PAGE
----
The recent attack on Hazaras in Machh has triggered fear and panic among the Hazaras living in Karachi as well, according to a protester who had shown up to voice his dissent at the recent attack against members of his community at the Karachi Press Club.
A protest was staged outside the Karachi Press Club on Tuesday by the city’s Hazaras with other groups, condemning the recent massacre of 11 coal miners in Balochistan’s Machh area.
Eleven miners were killed before dawn on Sunday while they were asleep near the remote coal mine in the mountainous area — 60 kilometres southeast of Quetta.
A large number of the members of the Hazara community with members of the civil society gathered at the press club to show their anger at the recent tragedy. They said it was as if the assailants “flee with complete impunity” each time after killing their community members.
The Majlis Wahjat-e-Muslimeen also organised sit-ins and protests on Tuesday at Numaish Chowrangi, Abbas Town and Ancholi to show solidarity with the Hazara community members protesting against the Machh tragedy.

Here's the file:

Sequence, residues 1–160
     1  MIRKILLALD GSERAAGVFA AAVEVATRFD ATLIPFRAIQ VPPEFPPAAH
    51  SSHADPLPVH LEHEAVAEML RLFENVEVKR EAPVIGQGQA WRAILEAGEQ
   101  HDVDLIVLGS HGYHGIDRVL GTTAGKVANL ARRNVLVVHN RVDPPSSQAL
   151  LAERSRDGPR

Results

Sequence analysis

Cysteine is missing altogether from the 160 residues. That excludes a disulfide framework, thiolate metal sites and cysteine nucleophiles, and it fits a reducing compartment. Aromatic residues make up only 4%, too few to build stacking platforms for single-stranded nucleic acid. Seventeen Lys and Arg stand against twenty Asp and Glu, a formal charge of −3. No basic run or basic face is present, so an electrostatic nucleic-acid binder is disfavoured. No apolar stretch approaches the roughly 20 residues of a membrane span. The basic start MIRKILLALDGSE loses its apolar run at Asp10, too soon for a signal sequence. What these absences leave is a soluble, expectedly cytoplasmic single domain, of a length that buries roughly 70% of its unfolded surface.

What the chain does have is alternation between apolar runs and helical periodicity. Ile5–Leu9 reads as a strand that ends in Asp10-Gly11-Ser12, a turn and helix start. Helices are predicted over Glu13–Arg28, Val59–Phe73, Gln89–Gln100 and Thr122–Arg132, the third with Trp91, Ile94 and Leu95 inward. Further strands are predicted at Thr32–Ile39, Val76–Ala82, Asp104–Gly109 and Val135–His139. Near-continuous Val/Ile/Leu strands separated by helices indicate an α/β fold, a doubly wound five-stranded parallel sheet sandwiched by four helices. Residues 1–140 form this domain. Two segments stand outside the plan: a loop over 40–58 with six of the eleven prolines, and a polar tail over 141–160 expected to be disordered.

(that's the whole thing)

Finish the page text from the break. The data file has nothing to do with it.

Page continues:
In a protest organised outside the KPC by residents of Hussain Hazara Goth, a Hazara-populated neighbourhood near Nipa Chowrangi, participants said the killing of innocent people of the community could not force them to give up their faith.
One protester said that Sunday’s massacre was yet another tragic incident that was part of a long list of attacks that had taken place against the Hazaras.
“Our people have become mentally sick because they have been denied the right of movement and have been forced to live just in a few-kilometre radius in Quetta,” said Zameer Mughal, a Hazara student, while talking to The News. He said fear and intimidation had forced Hazara youths to migrate to foreign countries.
Iqbal Nasiri, a social activist belonging to the Hazara community, said even Hazaras were not safe in Karachi “where a large number of the community members have been killed in recent years”.
“Our people happen to be an easier target because of our distinct Mongolian features,” Nasiri said while talking to The News.
Protesters at the KPC demanded strict implementation of the National Action Plan (NAP) to bust the proscribed sectarian groups and to stop them from re-emerging with new names.
Protesters blamed the frequent occurring of such attacks at “the lukewarm response of the government and law enforcement agencies” and its failure to take action against banned outfits across the country.
Veteran politician Farooq Sattar also showed up at the protest and demanded action against militant elements.